Bad Advice Wednesday: How to Get on a Roll, or, The Value of Momentum

categories: Bad Advice / Cocktail Hour


I’m re-posting this, one of our very first “Bad Advice” blogs, since it goes with some things I’ve been saying in the “Just Write” class I’m teaching this term.

Momentum.  I say the word so much in my classes that I wouldn’t blame students if they walked out or threw bricks.  But I’ll say it again.  Mo-men-tum. Sometimes it seems to me that the whole writing game–the whole of life?– is contained in that one word.  How do you get in movement and stay in movement?  The question.   How to get rolling and, more importantly, keep rolling?

As for the “keep rolling” aspect (which, momentum being momentum, is the easier part) many people have tricks, usually some variant on Hemingway’s habit of stopping when you know what sentence you’re going to write next.  That’s not for me.  For one thing, if I know the sentence, I’ll write it down while I’ve got it.   For another, it’s just too rational.  “If I know what I’m doing I can’t do it,” said Joan Didion.  That’s closer to it.  Momentum, whether starting it or keeping it, is about the continued thrust into the unknown.  The decision–if it even is a decision– to move forward without or beyond the aid of reason.  Momentum is the march into darkness when your sensible (and fearful) side is telling you stay put in your clean, well-lighted brain.

But this is pretty vague.  Let’s get specific.

1. You are sitting at your desk writing, or kind of writing.  It isn’t going well.  You started a long project, let’s call it a novel, a week ago and you are at an impasse.  This morning your specific problem is that you need to get your main character, Elton, down to the farmers’ market where he can meet Lorrie, the cute single mom.  But suddenly that idea seems kind of stupid.  As does the whole book.  Dark thoughts gather.  How did you ever think that you, busy you, would have the time or energy to write a novel?  Wouldn’t it be better to start next January when you’ll have more time?  That sickly feeling comes over you, that everything-I-write-seems-lame feeling.  Quitting looks more and more attractive.  If not quitting the whole project, then at least for the day.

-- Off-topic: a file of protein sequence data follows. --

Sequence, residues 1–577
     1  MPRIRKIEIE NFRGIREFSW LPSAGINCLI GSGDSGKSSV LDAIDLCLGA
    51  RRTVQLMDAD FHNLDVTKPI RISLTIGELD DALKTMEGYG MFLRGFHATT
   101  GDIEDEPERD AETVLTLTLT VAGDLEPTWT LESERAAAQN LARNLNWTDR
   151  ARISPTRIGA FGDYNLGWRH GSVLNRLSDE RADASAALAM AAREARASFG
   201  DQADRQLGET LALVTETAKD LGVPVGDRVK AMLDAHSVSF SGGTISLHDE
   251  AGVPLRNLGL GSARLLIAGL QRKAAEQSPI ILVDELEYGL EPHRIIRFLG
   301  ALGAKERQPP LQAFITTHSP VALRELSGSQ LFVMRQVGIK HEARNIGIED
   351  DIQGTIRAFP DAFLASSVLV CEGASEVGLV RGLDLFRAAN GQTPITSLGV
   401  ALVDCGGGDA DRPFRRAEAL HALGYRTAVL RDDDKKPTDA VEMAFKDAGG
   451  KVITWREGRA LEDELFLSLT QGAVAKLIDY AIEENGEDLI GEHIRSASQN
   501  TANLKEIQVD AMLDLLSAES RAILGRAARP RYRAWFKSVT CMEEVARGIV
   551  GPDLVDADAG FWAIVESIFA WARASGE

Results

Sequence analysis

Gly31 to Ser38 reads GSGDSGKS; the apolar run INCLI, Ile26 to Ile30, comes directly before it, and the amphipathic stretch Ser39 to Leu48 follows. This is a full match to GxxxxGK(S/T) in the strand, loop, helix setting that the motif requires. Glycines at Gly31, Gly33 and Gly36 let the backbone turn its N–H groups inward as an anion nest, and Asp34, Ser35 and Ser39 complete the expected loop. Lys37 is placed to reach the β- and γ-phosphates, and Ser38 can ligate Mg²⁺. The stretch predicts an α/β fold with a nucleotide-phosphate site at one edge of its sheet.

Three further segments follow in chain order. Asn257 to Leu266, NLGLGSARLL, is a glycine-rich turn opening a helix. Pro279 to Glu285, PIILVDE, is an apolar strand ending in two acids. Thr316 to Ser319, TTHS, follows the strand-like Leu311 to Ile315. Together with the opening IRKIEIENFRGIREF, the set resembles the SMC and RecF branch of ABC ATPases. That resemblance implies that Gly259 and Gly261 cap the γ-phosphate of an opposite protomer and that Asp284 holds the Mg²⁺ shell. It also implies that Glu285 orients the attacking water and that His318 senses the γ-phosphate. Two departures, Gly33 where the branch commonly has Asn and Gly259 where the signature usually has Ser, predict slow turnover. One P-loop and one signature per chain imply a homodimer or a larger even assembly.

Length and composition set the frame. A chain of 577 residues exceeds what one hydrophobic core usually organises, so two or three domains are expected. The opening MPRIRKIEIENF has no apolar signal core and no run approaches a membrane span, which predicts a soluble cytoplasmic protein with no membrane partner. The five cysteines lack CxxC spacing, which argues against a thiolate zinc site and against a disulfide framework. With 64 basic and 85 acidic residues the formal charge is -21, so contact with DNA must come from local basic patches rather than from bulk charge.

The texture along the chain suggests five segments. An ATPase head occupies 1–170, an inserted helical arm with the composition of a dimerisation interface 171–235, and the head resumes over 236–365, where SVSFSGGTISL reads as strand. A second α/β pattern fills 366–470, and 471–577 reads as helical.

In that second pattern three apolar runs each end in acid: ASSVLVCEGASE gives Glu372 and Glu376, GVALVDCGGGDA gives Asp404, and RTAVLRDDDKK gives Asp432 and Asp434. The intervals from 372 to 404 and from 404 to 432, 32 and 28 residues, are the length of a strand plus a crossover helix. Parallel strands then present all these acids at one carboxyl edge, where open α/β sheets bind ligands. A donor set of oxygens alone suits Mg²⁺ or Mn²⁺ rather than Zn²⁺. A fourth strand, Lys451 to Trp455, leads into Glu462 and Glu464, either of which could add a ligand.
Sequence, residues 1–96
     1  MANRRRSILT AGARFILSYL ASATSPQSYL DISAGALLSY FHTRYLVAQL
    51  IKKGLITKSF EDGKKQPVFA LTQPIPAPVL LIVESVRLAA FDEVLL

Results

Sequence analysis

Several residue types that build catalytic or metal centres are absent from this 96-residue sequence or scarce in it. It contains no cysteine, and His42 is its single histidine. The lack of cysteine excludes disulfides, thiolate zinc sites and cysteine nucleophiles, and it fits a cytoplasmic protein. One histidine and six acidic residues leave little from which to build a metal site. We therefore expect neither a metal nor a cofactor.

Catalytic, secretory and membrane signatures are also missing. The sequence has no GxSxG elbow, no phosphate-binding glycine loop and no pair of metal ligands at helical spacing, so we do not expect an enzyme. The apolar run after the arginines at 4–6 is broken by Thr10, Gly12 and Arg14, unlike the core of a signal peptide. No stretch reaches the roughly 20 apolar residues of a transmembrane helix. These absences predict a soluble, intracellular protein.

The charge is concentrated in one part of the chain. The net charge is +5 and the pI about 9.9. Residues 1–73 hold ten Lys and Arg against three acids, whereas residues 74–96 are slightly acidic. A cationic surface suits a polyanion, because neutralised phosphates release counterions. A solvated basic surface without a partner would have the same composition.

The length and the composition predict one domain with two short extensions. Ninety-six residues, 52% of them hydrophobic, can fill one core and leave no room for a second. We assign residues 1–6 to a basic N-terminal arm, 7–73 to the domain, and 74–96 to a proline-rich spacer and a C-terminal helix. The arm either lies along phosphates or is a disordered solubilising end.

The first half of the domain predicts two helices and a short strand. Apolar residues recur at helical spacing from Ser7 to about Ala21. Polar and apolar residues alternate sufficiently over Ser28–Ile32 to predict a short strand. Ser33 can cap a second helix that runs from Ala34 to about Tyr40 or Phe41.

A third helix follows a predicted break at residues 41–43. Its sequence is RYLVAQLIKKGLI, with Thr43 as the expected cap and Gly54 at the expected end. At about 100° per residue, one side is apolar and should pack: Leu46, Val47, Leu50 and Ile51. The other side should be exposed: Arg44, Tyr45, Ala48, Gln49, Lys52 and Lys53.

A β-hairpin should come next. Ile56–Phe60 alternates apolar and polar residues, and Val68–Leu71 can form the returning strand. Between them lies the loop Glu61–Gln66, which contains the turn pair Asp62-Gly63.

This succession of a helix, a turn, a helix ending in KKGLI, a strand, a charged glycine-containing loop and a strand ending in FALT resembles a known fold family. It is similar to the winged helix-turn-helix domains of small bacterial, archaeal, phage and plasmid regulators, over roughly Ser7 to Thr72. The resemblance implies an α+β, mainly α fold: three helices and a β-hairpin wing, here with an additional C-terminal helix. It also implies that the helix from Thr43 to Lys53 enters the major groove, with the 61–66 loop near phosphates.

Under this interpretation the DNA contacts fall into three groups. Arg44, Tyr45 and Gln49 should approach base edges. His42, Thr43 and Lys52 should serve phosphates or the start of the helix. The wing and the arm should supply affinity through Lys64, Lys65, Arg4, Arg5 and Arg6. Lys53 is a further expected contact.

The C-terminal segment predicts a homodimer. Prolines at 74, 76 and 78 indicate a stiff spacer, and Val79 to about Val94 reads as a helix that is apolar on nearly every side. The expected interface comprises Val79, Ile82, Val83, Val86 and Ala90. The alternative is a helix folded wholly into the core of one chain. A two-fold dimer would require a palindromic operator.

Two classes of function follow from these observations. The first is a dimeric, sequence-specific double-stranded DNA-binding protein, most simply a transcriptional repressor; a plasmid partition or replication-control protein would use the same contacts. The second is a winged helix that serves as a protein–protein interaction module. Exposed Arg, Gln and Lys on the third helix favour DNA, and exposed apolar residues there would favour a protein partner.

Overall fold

But you don’t.  Not this time.  Instead you somehow plow through those doubts and shove Elton into the car and get him driving down to the farmers’ market.  You are typing now, though you are not initially freed from the curse of insecurity.  You’re still pretty sure what you’re doing sucks but at least you’re doing it.  So you keep moving, keep typing.  Maybe in the back of your head you now remember that you don’t have to be in a chipper mood to write well, and that, while we all improve as writers, we also pretty much write the way we write, our sentences like our fingerprints, and this is semi-reassuring becase it means your sentences come out the way they come out independent of your feelings about them.  And then Elton and Lorrie meet, and you like the description of her laugh (it isn’t half bad), and you have him say something witty and then she, with little effort from you, says something witty back and…..